Ever wonder why a company goes from no corporate blog to suddenly blogging five days per week? And yes, like us. It’s all about content decay and SEO, and we’re not alone.
Dr. Nora Ganim Barnes, Ph.D., Senior Fellow and Research Co-Chair of the Society for New Communications Research and Director of the Center for Marketing Research at the University of Massachusetts Dartmouth, published her team’s annual report on adoption of social media by Fortune 500 companies (and has done so since 2008), indicating a sharp increase in the use of corporate blogs. After idling around 20% for three years, it shot up to 34% of the Fortune 500 in the last two years, a nearly 50% increase.
Why? Is everyone suddenly passionate about telling their story? Communicating directly with their target consumers? Looking for direct engagement? Or is it something a bit more prosaic, like bumping up search engine results?
More than one marketing/PR/social media industry observer noted that the practice of putting so much content on Facebook, Twitter, and other social media that is not indexed by search engines results in content decay. And now that we all know that real-time social marketing may shoot up the number of likes and shares in the short term, but that it’s not a viable long-term strategy, what do we do to maximize exposure on owned media?
We develop blogs.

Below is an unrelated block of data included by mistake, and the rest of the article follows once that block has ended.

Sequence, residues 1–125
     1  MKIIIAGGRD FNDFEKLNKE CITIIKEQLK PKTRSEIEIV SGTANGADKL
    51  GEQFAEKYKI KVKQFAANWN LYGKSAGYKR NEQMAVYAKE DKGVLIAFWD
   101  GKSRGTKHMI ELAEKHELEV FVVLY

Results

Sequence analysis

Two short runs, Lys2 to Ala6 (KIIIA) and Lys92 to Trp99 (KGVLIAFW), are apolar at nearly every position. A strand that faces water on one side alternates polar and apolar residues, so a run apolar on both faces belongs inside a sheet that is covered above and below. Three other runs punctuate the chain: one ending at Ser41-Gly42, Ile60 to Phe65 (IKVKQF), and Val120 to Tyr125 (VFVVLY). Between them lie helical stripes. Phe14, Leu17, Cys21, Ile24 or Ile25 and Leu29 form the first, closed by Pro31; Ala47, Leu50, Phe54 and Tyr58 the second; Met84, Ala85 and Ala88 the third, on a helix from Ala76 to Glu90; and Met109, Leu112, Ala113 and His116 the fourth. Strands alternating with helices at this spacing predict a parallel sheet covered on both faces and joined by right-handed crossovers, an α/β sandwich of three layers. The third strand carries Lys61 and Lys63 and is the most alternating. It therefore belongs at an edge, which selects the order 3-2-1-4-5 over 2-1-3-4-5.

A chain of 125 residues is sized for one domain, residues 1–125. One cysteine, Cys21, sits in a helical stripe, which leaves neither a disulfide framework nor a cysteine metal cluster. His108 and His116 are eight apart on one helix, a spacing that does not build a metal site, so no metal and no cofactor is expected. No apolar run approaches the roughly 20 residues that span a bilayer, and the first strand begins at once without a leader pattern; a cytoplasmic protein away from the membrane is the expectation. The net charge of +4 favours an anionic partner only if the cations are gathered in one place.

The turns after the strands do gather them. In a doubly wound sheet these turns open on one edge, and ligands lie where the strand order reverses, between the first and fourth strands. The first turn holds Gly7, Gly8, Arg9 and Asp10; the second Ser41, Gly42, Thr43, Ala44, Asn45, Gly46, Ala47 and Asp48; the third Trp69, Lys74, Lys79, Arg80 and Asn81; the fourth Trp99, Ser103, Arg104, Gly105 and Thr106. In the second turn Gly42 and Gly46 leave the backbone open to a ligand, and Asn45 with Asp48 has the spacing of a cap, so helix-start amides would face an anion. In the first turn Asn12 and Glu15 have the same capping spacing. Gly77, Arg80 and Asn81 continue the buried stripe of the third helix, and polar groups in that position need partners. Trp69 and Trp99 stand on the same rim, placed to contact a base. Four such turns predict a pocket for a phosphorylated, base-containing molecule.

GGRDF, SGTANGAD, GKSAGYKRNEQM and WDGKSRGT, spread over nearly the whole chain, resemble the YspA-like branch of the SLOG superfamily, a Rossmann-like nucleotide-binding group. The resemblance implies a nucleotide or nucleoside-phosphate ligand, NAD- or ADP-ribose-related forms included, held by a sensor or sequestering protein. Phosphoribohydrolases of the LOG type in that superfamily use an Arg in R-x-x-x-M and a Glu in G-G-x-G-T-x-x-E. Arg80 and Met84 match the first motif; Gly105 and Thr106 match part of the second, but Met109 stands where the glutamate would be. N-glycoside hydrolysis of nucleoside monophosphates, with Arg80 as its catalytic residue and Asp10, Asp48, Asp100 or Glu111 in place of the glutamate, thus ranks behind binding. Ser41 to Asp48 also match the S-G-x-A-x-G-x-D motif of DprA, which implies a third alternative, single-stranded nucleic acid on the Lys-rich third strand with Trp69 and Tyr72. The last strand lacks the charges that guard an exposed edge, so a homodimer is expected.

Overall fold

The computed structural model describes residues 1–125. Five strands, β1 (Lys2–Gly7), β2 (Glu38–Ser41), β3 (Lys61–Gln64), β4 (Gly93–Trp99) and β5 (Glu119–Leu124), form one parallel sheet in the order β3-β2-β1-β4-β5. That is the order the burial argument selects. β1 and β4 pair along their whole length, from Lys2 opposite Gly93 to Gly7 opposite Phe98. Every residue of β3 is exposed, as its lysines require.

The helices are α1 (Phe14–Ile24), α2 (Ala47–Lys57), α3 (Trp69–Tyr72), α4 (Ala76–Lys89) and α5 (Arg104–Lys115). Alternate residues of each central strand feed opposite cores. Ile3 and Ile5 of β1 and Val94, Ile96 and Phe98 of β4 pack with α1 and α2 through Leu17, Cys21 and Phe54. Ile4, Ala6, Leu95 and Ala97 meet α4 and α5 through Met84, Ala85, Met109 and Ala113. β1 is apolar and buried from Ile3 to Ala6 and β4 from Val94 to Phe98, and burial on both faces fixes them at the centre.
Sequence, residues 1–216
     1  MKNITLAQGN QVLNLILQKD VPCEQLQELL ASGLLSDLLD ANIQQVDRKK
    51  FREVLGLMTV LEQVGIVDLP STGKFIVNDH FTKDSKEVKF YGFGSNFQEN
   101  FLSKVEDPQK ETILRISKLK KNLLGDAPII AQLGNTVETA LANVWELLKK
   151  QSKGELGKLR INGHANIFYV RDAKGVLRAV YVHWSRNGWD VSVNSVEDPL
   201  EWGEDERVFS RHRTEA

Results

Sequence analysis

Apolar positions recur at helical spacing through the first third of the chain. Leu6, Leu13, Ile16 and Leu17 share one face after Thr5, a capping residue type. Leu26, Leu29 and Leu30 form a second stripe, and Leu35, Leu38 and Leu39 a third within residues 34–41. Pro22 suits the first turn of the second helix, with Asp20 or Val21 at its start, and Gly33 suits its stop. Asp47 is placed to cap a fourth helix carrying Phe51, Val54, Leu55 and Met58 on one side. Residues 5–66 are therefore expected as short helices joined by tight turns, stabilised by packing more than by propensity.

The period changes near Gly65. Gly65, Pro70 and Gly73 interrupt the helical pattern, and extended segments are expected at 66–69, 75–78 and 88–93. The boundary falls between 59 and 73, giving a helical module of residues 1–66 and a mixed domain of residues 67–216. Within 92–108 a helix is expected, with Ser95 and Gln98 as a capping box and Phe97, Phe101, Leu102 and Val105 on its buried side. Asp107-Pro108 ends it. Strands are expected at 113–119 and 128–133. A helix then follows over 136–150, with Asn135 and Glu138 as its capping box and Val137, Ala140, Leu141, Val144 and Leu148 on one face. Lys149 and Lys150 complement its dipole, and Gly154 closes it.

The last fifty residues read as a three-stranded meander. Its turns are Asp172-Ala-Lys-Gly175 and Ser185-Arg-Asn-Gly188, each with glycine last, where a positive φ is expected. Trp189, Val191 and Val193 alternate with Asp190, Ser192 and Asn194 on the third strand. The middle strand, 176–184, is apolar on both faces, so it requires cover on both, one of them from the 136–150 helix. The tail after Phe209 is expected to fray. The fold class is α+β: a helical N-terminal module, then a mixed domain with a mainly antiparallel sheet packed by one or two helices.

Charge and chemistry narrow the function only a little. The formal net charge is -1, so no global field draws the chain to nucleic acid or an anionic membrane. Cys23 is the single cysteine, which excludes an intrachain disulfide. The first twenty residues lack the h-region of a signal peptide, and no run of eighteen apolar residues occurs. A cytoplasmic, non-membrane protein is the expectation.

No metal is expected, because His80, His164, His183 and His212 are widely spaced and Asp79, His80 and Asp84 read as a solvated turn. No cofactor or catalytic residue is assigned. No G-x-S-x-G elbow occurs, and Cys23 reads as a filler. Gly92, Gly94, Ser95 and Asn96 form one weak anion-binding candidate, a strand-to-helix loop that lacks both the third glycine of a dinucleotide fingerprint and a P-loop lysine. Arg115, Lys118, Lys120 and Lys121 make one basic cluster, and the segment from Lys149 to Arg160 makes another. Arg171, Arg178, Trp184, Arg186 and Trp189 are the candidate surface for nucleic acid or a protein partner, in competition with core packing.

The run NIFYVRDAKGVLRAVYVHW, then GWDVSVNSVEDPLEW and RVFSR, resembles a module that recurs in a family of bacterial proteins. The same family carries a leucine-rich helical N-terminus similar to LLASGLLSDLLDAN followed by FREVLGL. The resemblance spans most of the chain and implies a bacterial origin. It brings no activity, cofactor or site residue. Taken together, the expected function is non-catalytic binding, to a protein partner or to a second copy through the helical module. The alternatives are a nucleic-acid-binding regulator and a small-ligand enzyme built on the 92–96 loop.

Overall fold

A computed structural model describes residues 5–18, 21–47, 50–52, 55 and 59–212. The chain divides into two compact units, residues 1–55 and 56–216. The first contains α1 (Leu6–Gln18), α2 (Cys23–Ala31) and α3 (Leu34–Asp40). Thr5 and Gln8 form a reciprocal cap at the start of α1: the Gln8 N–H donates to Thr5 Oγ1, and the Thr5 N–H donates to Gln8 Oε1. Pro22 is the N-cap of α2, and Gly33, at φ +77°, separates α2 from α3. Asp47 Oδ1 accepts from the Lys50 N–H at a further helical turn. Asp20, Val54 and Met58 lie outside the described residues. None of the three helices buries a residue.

For marketing and PR firms engaged in utilizing social media on behalf of clients, convincing them that Facebook, Twitter, Vine, Instagram, Pinterest, Google+, etc., are simply tools and not destinations is sometimes challenging. With billions of users on Facebook and only occasional visitors to their corporate websites, they often don’t understand why we want to put as much effort into blogging as we do into social media engagement. The best analogy is the hub-and-spoke model: your corporate website is the hub, and your social media presences are the spokes that join at said hub. In other words, you use social media to push people to your website.
Publishing original content on a blog, then promoting it across social channels, drives short-term engagement. You can manage crises, mark milestones, announce news, influence coverage, start conversations, and other ways to gain attention and meet goals. This short-term is REALLY short –because that great thing you put up last week is long gone from followers’ newsfeeds, and that little gem is not indexed by search.
You (or your client) own the blog, and its data-capture functions. Mark Zuckerberg owns everything that happens on Facebook. The website’s blog is indexed by search, and that’s the long-term engagement. As a blog’s archive grows, so does its search value – and its reach.
Look at it this way: Interest generated in the first 24 to 48 hours is driven by social media activity (the initial Facebook post and Tweet, then the subsequent share activity). Activity pretty much flatlines after the second day. At that point, it’s all about search for the…well, forever.
-Kelly Mayfair Owens